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5 tips for a nicer SEASnet lnxsrv experience

· 4 minute read
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E very UCLA CS student will at some point encounter SEASnet’s lnxsrv servers, which are required for many computer science classes. These lnxsrv servers are notorious for being hard to access1, running limited and outdated software2, triggering flashbacks to CS 35L, and generally not providing a nice development experience.

However, I don’t know many people who realize that for all of lnxsrv’s limitations, there are a few easy tweaks one can make to obtain a nicer development experience.

SSH Host Aliasing

This first tip isn’t technically a SEASnet hack, but a local computer hack that makes connecting to SEASnet quicker.

The canonical way to establish a lnxsrv connection is via a command like3:

ssh -Y nathan@lnxsrv.seas.ucla.edu

While this is fine, it requires a lot of typing. SSH allows for creating aliases to frequently accessed servers so that we can easily type this out. We simply have to create a ~/.ssh/config file and put in:

Host seas
    HostName lnxsrv.seas.ucla.edu
    User nathan
    ForwardX11Trusted yes

Now we can connect to lnxsrv with:

ssh seas

A Better Prompt

The default bash prompt that you get once logged into lnxsrv isn’t that helpful. There aren’t any colors or version control information, and reading the current directory path is tough. Luckily, we can change it! Bash’s prompt is controlled via a PS1 variable that is set in .bash_profile.

Personally, I’m a big fan of Mathias Bynens’ prompt, which is what I use both on my local machine and lnxsrv.

My lnxsrv prompt.

Feel free to steal my .bash_profile! On lnxsrv, in your home directory, run:

wget https://gist.githubusercontent.com/nathunsmitty/3fc3eb7b7fe2eb90fe6d49dbf67e5bcd/raw/904b78e0e38881e269d42d75401822ad38d0031e/.bash_profile

If you don’t like this prompt, I’d recommend finding a prompt you do like and copying it over, then tweaking it as necessary. Dotfiles are meant to be forked. GitHub maintains a good list of people with interesting dotfiles.

Alias Common Commands

Typing ssh seas isn’t the only place where you can save keystrokes. If you find yourself typing a command frequently, it may make sense to alias it. For example, I often checkout various git branches. Instead of typing,

git checkout my-feature

I type:

gco my-feature

Once you start doing this, it’ll be tough to type out full commands again.

How do you set this up? In your .bash_profile, add the following line:

alias gco="git checkout"

Repeat for each alias you’d like to make! If you need help thinking of aliases, I like oh-my-zsh’s.

Easy Git Cloning

It’s not totally obvious how you can push and pull code from GitHub on lnxsrv. The easiest way to do so is to generate a new SSH key-pair on the server and link it to your GitHub account.4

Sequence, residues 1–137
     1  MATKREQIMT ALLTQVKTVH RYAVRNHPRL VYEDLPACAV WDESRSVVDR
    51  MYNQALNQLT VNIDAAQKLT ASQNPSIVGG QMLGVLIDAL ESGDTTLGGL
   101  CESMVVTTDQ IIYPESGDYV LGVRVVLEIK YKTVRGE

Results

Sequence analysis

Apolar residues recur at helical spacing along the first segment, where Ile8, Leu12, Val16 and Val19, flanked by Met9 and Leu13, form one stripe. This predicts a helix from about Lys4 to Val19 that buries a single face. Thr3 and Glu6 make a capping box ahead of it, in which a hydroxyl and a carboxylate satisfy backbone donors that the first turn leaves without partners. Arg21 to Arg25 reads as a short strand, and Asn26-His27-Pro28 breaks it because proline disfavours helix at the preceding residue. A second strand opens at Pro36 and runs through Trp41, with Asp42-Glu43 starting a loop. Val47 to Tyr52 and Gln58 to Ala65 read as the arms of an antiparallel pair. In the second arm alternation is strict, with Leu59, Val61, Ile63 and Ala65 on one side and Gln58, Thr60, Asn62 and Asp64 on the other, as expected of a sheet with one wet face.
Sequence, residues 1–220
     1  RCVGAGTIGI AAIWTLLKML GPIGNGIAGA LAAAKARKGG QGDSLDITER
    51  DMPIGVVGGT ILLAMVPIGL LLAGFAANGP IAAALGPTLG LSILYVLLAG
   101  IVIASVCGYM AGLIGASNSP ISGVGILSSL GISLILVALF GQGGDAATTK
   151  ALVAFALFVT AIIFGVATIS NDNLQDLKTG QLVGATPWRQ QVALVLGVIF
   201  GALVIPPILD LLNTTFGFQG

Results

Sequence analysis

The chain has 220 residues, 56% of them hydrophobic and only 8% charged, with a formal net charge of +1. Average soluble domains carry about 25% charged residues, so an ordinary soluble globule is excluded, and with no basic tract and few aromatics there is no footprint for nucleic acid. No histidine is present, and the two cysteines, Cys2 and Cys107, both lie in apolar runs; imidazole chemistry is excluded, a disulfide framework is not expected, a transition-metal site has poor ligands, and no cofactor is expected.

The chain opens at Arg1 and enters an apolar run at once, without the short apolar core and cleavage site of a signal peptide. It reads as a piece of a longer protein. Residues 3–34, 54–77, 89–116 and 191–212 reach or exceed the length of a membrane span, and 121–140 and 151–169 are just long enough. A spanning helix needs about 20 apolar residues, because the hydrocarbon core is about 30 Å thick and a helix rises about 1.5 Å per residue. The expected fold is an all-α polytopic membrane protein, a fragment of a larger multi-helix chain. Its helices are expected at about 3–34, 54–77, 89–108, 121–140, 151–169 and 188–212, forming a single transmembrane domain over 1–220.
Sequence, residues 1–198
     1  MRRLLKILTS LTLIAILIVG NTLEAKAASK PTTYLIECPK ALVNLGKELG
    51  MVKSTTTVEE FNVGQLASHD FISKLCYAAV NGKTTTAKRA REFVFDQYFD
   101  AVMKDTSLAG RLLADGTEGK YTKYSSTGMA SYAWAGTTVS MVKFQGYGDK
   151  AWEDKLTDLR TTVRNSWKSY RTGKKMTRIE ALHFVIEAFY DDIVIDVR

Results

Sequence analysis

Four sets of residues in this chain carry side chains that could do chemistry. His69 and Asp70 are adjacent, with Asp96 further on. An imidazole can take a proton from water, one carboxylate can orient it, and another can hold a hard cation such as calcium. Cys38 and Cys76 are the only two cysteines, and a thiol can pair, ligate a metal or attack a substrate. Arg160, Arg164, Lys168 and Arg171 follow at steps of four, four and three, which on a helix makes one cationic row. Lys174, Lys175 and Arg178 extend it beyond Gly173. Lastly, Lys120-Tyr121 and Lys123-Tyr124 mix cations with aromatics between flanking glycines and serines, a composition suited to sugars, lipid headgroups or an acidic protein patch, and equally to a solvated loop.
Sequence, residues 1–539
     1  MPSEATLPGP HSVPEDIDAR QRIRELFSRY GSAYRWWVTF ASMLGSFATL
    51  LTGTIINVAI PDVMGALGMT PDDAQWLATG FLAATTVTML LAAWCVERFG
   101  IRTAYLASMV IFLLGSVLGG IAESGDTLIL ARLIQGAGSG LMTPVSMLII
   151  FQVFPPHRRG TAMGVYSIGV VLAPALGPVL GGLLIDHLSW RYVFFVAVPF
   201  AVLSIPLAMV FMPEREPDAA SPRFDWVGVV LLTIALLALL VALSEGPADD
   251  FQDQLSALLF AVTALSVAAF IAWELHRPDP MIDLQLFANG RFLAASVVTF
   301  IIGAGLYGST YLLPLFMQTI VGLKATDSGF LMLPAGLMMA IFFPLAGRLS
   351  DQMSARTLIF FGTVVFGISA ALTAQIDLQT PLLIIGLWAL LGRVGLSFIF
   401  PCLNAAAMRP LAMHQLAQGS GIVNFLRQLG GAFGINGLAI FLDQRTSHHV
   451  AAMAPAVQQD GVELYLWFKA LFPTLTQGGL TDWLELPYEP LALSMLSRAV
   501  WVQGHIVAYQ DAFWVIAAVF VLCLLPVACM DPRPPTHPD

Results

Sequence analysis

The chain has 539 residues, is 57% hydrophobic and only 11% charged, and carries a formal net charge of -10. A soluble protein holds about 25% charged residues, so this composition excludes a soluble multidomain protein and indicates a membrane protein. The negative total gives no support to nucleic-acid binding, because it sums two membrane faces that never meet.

ssh-keygen -t rsa -b 4096
cat ~/.ssh/id_rsa.pub # copy output

Paste the output you copied to GitHub by following these directions.

Develop locally, run on Linux

The lnxsrv environment is ultimately fairly limited, and really best only for running code, not actually developing it. Luckily, there are multiple ways you can easily sync your from your computer to lnxsrv!

Git

The simplest solution (and one I use) is simply to track my classwork in a Git repo.5 I commit my changes locally, then pull them and run them on lnxsrv. All you need is knowledge of Git. The downside is that you have to commit often and then manually pull your changes on lnxsrv.

Syncing files with RSync

It’s also possible to copy files from one computer to another over ssh using a nifty program called rsync. Here’s an example of me copying over a homework/ directory with rsync. Note it works with our ssh alias!

rsync -zaP homework seas:homework

Note that you have to rerun rsync every time you want to copy your files over, though.

Mounting lnxsrv

It’s possible mount your home lnxsrv directory on your local machine using a very cool piece of technology called sshfs. No more manual copying! My friend Ari has a detailed write-up on how to make this work.

VS Code Remote

Although I’ve never used it, I know a lot of people who swear by VS Code’s SSH extension. All you need is SSH and VS Code. Microsoft has a great tutorial on how to set it up.

Conclusion

Hopefully these tips will help remove some of the stress and friction around lnxsrv so you can focus on doing your assignments. If you have any more tips, please let me know!


  1. They require a campus VPN to access. [return]
  2. REHL 6. Packages such as vim have not been updated since then. Applications like screen or tmux are nowhere to be found. [return]
  3. The -Y option enables trusted X11 forwarding, which is useful for some classes such as CS 35L/97 where you need to run gitk graphically. It’s technically optional, though. [return]
  4. lnxsrv doesn’t seem to support SSH agent forwarding. [return]
  5. You can have a single repo for all work, or a repo per class. [return]